Ridouts Director of Marketing & Compliance, Caroline Barker, considers how the CQC’s new approach to inspections may feed the problems recently highlighted by CQC itself in the 2021 State of Care report and asks whether overall ratings will decline as a result.
The CQC is very quick to tell providers how they are not meeting the regulations or what they are doing wrong but rarely, if at all, do we hear stories of the CQC saying, “If you do x, you’ll be deemed to be meeting the regulations.” An example which is common, is that of staffing – the CQC will say that a provider does not have sufficient numbers of staff on duty to meet need. Often providers believe that they do and will reference a dependency/staffing tool but still the CQC says they are in breach of Regulation 18 of the Health and Social Care Act (Regulated Activities) Regulations 2014. When the CQC is asked, “Ok, well what levels would you suggest?” they refuse to say, pushing that decision back onto the provider (but refusing to accept their evidenced staffing levels).
This approach is also evident in the latest State of Care Report 2020/21 published on 22 October 2021. The CQC tells the world that there are major workforce challenges. The CQC is quick to recognise that reduced capacity and choice, due to staffing losses, will lead to poorer quality care. But what is the CQC going to do to help providers, and in turn service users to reduce the impact of this across the entire health and social care setting? That is detail that I cannot see in the State of Care Report.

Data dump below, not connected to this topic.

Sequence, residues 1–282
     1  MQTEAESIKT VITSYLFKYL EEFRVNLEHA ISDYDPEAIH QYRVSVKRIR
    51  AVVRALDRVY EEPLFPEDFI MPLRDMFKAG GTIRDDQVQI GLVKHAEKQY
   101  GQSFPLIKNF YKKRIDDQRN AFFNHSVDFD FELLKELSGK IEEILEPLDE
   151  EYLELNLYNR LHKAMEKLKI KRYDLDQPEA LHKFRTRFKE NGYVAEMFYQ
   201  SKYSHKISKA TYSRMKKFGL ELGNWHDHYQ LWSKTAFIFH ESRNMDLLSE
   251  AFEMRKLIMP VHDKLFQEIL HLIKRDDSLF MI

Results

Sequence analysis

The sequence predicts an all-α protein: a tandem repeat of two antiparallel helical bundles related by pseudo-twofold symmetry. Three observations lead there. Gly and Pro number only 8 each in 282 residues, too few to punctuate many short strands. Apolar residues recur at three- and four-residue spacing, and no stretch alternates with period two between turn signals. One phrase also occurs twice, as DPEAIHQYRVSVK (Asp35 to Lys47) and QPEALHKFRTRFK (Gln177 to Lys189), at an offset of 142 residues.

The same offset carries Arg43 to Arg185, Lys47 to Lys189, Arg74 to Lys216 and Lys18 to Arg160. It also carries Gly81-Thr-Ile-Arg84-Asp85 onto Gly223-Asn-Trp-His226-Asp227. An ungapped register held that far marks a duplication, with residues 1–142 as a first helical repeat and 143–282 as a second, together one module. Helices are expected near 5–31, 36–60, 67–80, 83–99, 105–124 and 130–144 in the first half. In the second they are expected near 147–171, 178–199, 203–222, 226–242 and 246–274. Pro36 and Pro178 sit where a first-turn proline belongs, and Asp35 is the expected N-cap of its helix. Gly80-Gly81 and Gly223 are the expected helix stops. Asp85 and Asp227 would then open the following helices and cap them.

The CQC states it is an independent regulator. Its purpose, to “make sure health and social care services provide people with safe, effective, compassionate, high-quality care and [it] encourage[s] care services to improve”. It registers, monitors, inspects and rates services, will take action to protect people using services and publishes its views on major quality issues in the sector. The CQC states that throughout its work it will protect the rights of vulnerable people, listen to and act on people’s experiences, involve the public and people who receive care and work with other organisations and public groups. Providers are not mentioned. I have previously noted that in the CQC’s new strategy for the changing world of health and social care – from 2021 (“CQC Strategy”) the voice of the provider is missing. And in the State of Care Report, there are no anecdotes from providers interspersed in the text about the difficulties they faced, pre, during and post the pandemic. Providers continue to be low down in the pecking order but despite one of the most damning assessments of the state of the adult social care sector, little practical support is being offered.
To add insult to injury, Ian Trenholm has said that the CQC may well take enforcement action against providers if non-exempt, unvaccinated care staff continue to work. Yes, the regulations are clear. Yes, registered providers have to comply with those regulations. But with carers already leaving the sector and residential care staff vacancy levels having risen by over 4% in less than five months (from 6% in April 2021 to 10.2% in September 2021) the threat of enforcement action is going to hit the sector when it is already down.